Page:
June Ong 
Once upon a time in a land not too distant, there was a girl named O. Yes, she was a girl as told by the doctors on the memorable day when she came to this world and that became the first certainty in the life of O. As she grew up, O began to feel that this certainty wasn’t as solid as it used to be. In fact, the sureness of this certainty began to blur at its boundaries, the firm grasp of this understanding was starting to fade away, bit by bit…
Sexuality began to erode her mind, leaving her in a confused and nearly distressed state. She was definitely every bit a girl but the problem was, what if she didn’t want to be one? What if she wanted to be a non-girl? Desperately, O started seeking for help, support and most importantly, acceptance by the ones she loved. Unfortunately, those doors were slammed shut and no one was giving her the keys to enter back in so long as she still would not accept what society expected from her.
On a fine morning where the orange sun was blazing radiantly in the sky, O jumped to her death. That was the final straw. She could no longer face the taunting, the bully, the pain and most of all, the worries and anxiety that came from a society would could not accept her. Because of this prejudice against her sexuality, O developed severe depression but no one realised the signs. O was stressed to the point she was breaking down from it but still no one reached out for her. Why? All because no one paid a little more attention to her or lend her a pair of ears to listen to her. The death of a cheerful girl was the sacrifice needed to send society this message of plea.
 Society has an odd way of dealing with stigmas and stereotypes. On one hand, we say we embrace your unique difference and readily accept whoever you want to be as long as you are comfortable in that skin. On the other hand, there is still this small nagging feeling inside of us, whispering and jeering slightly that these “different” people are odd, eccentric and challenging the ideas and norms that any religion forbids. We are a little bit more two-faced than we admit we really are.
When this happens to a stranger who comes out into the limelight and openly projects to the world his/her sexuality, we smile and applaud their courage. When it happens to someone close to us. However, we start developing this fake constrained smile and although you don’t voice your disapproval out loud, you might be secretly curling your lips in disgust. Hippocratic is it not?
 What do you associate to when you think of the colour orange? You link it to the sun, the fruit and etcetera but funnily enough, you never link it to either gender right? We have been drilled and instilled when it comes to gender preferences, boys = blue, girls = pink. My question for you is: What if I want to be orange?
  The colour orange reflects warmth, happiness and plain bliss but what if underneath that façade, that orange is actually replaced by red or even worse, black? Here’s my second question: Do you know anyone who might seem normal on the surface but he/she is actually suffering from mental illness? Mental illness takes on many forms. Most stem from work or academic stress, some comes from broken relationships and some comes from a society who is not willing or ever ready to accept who you want to be.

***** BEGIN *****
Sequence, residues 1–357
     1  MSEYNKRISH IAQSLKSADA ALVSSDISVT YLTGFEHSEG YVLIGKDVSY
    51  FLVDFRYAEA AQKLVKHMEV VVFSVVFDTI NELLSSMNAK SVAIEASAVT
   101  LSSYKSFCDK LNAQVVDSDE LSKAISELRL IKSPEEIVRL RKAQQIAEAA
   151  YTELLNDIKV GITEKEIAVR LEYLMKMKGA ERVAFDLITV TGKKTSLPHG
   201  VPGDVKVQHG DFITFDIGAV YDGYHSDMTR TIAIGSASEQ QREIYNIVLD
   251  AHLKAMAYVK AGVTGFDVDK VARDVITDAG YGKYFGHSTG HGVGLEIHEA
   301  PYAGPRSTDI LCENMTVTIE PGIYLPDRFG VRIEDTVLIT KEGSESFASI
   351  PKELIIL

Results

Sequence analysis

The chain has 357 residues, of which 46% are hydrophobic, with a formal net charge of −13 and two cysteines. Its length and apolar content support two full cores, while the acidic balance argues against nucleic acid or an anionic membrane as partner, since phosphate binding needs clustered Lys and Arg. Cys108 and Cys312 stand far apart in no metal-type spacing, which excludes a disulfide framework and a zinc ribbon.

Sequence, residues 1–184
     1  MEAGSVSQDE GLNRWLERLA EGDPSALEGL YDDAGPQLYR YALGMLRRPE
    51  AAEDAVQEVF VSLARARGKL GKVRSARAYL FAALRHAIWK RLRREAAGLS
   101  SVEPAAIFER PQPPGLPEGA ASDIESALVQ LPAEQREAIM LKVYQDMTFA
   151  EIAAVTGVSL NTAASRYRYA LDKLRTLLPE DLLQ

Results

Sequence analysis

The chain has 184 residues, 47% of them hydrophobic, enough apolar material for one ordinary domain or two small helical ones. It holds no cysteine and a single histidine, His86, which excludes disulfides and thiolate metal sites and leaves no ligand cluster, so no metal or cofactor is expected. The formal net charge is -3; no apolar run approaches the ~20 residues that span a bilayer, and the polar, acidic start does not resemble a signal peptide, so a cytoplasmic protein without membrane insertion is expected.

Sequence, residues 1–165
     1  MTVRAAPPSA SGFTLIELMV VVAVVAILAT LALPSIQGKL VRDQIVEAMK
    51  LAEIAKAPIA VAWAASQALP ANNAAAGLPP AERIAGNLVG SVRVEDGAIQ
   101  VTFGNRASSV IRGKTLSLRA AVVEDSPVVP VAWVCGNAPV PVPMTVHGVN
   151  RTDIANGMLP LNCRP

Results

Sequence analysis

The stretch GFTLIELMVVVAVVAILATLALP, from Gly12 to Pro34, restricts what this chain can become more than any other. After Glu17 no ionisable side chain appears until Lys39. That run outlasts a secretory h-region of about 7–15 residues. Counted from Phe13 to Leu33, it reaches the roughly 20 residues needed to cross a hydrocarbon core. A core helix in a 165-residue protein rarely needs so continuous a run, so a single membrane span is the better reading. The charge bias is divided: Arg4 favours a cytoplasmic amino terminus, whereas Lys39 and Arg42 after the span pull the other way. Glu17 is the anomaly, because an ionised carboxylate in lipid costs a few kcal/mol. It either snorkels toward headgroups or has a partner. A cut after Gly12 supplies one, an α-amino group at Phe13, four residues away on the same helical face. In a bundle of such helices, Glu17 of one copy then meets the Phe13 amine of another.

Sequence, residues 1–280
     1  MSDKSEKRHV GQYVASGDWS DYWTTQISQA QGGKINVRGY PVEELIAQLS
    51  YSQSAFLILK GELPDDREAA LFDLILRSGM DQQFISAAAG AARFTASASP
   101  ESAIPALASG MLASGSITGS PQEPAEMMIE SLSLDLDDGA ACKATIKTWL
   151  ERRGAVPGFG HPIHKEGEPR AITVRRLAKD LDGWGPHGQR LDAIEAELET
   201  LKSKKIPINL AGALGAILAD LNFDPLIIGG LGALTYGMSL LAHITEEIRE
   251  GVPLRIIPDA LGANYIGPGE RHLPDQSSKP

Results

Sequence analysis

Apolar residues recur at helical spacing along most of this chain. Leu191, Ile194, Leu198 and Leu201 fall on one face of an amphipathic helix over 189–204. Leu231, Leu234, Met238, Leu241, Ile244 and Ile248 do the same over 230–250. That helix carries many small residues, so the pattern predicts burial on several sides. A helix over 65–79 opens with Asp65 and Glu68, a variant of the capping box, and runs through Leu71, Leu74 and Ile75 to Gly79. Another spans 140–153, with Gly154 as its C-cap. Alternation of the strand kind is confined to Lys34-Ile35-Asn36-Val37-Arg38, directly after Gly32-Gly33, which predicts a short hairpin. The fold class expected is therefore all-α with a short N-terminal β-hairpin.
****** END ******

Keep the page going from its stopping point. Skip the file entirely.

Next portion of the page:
Lately, circumstances have shed some light on this serious matter but after a while, it blows away and we return back to our comforting normality. Does it really need to take constant deaths and blows to continuously remind us of this deteriorating social stigma? Isn’t one death enough to give us the wakeup call of our lives? Unfortunately, in the midst of the hustle and bustle of life, we always forget.
 This is my pledge to you: Even if things are slightly different from what you were raised to believe in, do not shut that door, instead be open-minded and most importantly, listen. If you notice something amiss, a slight difference to any usual behavior, do not hesitate to reach out. I admit, sometimes it might be confusing especially on social media when people moan and complain about ending their lives and it is hard for us to distinguish between to those who truly need a crying shoulder and those who are just seeking for some attention. Problem is, we generalize all of them and disregard them all as being attention-seekers so we choose to ignore. Until it really happens.
 Tick. Everyone needs support in their lives. Tock. Problem is, what if they have no one to turn to when all the doors have already slammed shut? Tick. Reach out to people. Even if it’s a stranger on a subway who seems like they might be having the worst day of their lives, smile at them, share a joke or embrace them in a hug. Whatever you do, it might have a significant impact to prevent that fatal pivotal point.  Tock. Time is running out. Tick. Mental illness is not something to be cast aside and shun in the corner. It is a problem that we can help overcome even just by the smallest of all acts. Tick. Tock. Hurry. Before “orange” fades and becomes the dark colour of yesterday……

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